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A Star Is Born

Year: 2018
Studio: Warner Bros
Director: Bradley Cooper
Writer: Eric Roth/Bradley Cooper/Will Fetters
Cast: Bradley Cooper, Lady Gaga, Andrew Dice Clay, Sam Elliott, Rafi Gavron, Dave Chapelle, Alec Baldwin, Ron Rifkin, Greg Grunberg, Eddie Griffin

I haven't seen any other versions of this story – I'm sure there are more than just the Streisand/Kristofferson version and a much older one with Judy Garland, in sentiment if not outright remake.

And honestly, I think you have to be biologically made of the kind of stuff that likes musicals to really love it. Not that this was one – there were musical numbers by virtue of it being about singers but they all existed in the universe of the story. And even someone like me with no knowledge of or particular interest in popular music has to admit what an astonishing voice Lady Gaga has.

To be fair to it, it came the closest to being enjoyable as a movie about singing stars could possibly be. Maybe I'd be more interested if the same template was applied to writers, movie stars or even politicians.

You can't deny what a strong creative vision Bradley Cooper has as a director, the camera as shaky, grizzled and cynical as his character – rock star Jackson Maine – but even without the personal baggage of movies about music there were narrative stumbles that didn't so much as pull me out of the experience as nudge me sideways.

Jack's stumbling through life when we meet him. He performs to sellout crowds who love him but can barely collapse into the limo afterward to pop pills and wipe himself out with alcohol, lurching from one binge or show to another and looking like he just wants it to end despite the money and fame.

When he tells his driver to drop him at a neighbourhood dive bar one such night, he only intends to get slowly drunk. Even though it's a drag bar and the proprietor, Rez (Rafi Gavron) can't believe they have a megastar in their midst, it's not until Ally (Lady Gaga) takes the stage to sing that Jack's ears prick up, and he's more interested in something other than a bottle than he's been in years.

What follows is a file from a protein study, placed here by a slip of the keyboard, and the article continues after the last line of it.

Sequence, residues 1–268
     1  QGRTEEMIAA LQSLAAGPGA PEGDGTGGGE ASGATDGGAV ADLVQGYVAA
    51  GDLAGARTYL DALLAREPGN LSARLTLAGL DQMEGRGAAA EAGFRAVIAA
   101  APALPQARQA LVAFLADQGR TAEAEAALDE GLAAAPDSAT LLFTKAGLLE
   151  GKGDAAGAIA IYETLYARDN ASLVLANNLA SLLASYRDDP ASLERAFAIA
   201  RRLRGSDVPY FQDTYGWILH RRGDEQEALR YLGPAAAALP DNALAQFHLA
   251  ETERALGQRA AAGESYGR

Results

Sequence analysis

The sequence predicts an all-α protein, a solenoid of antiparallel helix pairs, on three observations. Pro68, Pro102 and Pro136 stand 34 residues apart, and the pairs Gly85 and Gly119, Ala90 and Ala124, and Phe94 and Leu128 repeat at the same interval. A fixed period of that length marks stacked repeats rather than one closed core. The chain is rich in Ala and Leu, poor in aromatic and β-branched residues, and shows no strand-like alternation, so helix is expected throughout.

He visits Ally in the dressing room where he sings her praises, asking her if she writes her own songs. But Ally's a middle class Italian kid from the suburbs and has no confidence to perform her own material. Nevertheless she starts spending a lot of time with Jack and romance blossoms.

After he finally convinces her to sing her own songs and Ally's career explodes, the dynamic in their relationship shifts. Jack's uneasy promise that he won't ruin their lives through his addictions is tenuous at best, and whether he's jealous at her rising star or genuinely believes she's selling out to sharks in the industry isn't very clear, but cracks show.

And that's on top of all his other problems, including a fractious relationship with his road manager and older brother Bobby (Sam Elliott, more animated than he's been in years).

The two big missteps are the unintentional laughter at the Grammy Awards sequence, where Jack's embarrassing accident on stage while Ally's dreams are all coming true was supposed to be high tragedy but elicited laughs in the theatre as well as the on-screen audience, and that slap-across-the-face climax.

If I'd seen the other versions I might have a bit more context, and what Jackson ultimately does might be in keeping with his character, I just found it so hard to believe he'd do it after the provocation he was faced with. If something as unimportant as a snivelling A&R executive can cause such a loss of self-belief and prompt such a drastic reaction, there was probably no hope for him the whole time.

Cooper is treading a well worn path of hairy, grizzled rock stars – look no further than Jeff Bridges in Crazy Heart before him. And while it's not exactly Oscar-worthy work, he commits to it whole-heartedly.

But it's Lady Gaga as Ally who really shines. We've seen singers who prove they can really act before (Whitney Houston in The Bodyguard comes to mind), and she has real talent. I also had no idea of her real, 'human' persona, only knowing her as a famous, remote figure with ridiculous dresses and huge hair. With all that taken away she is (or at least, plays) a working class, second generation young American woman really effectively.

It's got a good sense of mood, the colours and effects evoking the feeling of the characters – a really unsung skill in directing that's nevertheless important, and one Cooper gets right. The performance footage is lively and sweeps you up in it, and if the genre is to your taste you'll eat it right up.

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